full moon big pot and square teacher
I will make a blog post for something I said on facebook as people there are always coaxing me to write longer pieces not on facebook. It is a kind of social etiquette I wouldn’t like, not because I am a dropper but for the reason of how I am inspired. I am not inspired to just tell you everything I know, that will go into a lot plus I constantly learn or review or reunderstand newer things. SO I just can’t make it a point that I must put a squared face to everything I do, I simply can not, I make an almost square and if you are happy with it then that’s all that is necessary, cos for one thing I am never trying to be perfect, if that were so I wouldn’t try to be a scientist and lose my hair and on top of that hear that I lose my hair from the heat I generate and that depicts me as an angrry person which I am only when a deep level of violation strikes my person which is I guess so and so for anyone.
But before I get philo-critical here is a joke and the reason why I chose such a topic.
In Odia it is a fun-thing to do and we all grew up doing it, to mock a funny translation from Odia to English. In that case everyone from Odisha knows this joke; a name of a person: “Purna Chandra Maha Patra” is translated as “Full moon Big Pot” because thats what the words translate like if they are not to be found in the name but standalone. This is perhaps unique to the kind of name we have here in India (or is it just in Odisha?).
Another name that struck me today is a family name. My brother in law’s father’s name is Chaturbhuja Acharya, which translates to English exactly like: Square Teacher. (or “quadrilateral teacher” or “4 handed teacher”)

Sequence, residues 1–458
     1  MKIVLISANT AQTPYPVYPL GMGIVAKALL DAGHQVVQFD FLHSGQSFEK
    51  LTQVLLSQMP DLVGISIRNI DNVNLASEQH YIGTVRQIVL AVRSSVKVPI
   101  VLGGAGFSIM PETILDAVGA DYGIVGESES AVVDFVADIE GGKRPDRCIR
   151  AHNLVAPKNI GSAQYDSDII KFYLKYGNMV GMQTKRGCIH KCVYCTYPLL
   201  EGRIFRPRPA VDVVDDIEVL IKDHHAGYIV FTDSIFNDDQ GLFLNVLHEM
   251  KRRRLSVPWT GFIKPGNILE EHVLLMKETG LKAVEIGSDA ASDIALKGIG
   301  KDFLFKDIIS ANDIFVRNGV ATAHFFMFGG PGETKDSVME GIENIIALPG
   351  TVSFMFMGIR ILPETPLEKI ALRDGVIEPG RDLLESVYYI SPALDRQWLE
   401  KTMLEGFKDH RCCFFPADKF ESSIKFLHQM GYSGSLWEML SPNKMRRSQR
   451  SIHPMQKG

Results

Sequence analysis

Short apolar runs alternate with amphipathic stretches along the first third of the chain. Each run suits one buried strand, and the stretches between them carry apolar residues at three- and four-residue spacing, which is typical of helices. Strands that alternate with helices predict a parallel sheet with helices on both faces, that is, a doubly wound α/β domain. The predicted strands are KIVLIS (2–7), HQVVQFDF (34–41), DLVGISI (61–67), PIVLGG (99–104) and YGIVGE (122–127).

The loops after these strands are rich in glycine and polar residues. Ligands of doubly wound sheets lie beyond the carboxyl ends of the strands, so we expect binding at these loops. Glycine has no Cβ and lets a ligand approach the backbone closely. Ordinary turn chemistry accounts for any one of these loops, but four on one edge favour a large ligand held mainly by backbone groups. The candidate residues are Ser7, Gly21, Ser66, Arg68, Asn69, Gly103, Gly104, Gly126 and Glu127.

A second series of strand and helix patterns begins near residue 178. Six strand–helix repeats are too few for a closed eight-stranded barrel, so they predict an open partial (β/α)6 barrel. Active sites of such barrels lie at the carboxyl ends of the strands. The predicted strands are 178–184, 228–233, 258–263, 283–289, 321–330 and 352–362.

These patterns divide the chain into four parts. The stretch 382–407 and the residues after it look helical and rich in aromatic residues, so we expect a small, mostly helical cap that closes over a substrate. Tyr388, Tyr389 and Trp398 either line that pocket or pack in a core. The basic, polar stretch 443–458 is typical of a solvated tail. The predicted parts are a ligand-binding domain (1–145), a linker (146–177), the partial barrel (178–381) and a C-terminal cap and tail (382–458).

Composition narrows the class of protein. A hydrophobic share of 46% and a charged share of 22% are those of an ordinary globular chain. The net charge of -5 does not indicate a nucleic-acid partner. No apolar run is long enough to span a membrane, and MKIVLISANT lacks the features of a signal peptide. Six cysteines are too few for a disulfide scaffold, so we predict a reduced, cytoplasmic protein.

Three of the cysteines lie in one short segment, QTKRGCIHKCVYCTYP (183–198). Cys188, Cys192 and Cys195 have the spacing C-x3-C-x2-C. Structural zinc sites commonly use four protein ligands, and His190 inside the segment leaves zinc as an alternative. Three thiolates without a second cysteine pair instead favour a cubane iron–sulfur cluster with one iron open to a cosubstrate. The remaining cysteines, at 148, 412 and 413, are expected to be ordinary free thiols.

Now that you got why I named my article like that, here is the article: (so that I can delete it from facebook)
Today the moon is full moon. It’s called a “Purnima” signifying fullness. Today is called Kartika Purnima in line with the lunar calender, Kartika being the name of the month. Perhaps from an aesthetic consideration and the corresponding auspicious moments it brings, the ancient residents of present day Odisha celebrated this day as the day when these ancient merchants and sea-trotters set for Bali, Jawa and Sumatra, deep in the Ocean into Indonesia. These are called the “Sadhaba” people.
I had mused that this may even have a connection to as far as Japan, which is greatly connected by Budhist and Hinduist cultures of India in many forms. In Japanese “sarawa” may be said to be connected to farewell as from the word “sayona ra”. The Japanese “sa” may also be the present day “ja” in Odia which is widely used for “go or farewell”. SO the “sadhaba” kind may be said to be the kind who we often bade farewell in ancient times. They are celebrated greatly and it is said they brought immense amount of wealth and prosperity for the local inhabitants. But I am thinking, today, is the moon under perigee or apogee or somewhere midway. It looks really really close today. I took a picture but dark had aleady set in. so it may be perhaps a day when the moon is at its Perigee which is the scientific term for the distance of closest approach from earth center therefore also from earth’s surface to the moon. Moon or any other celestial objects closest distance from sun would be known as perihelion and it’s farthest distance would be called an apohelion (or aphelion?) [gee for earth and helion for sun, similarly cynthion for moon: pericynthion)
It is for this same day, for a week, Bali-Jatra is celebrated which literally means sailing to Bali. Actually it is to be written Jatra, written Yatra as a Hindi-invasion, Hindi perhaps took it as an English invasion where J’s are changed by Y’s for sounding suave. Jatra or Jatara comes from Ja, as I said for go, travel and farewell. JA is a widely used mono-syllable which can be seen when someone hits you with a broom, a wood or fist, batteries you and lets you go with “Ja” I don’t wanna add more words that amplifies its significance such as but here is an everyday example in Odia “jaunu” which means “why don’t you go”.
But Jatra also means an opera/drama or a theater usually performed in various forms in Odisha. note that “jaunu” is also used like “ja-aana” which is pretty close to “sayona”.
Categories: Asia, humor with twist, Language, post, status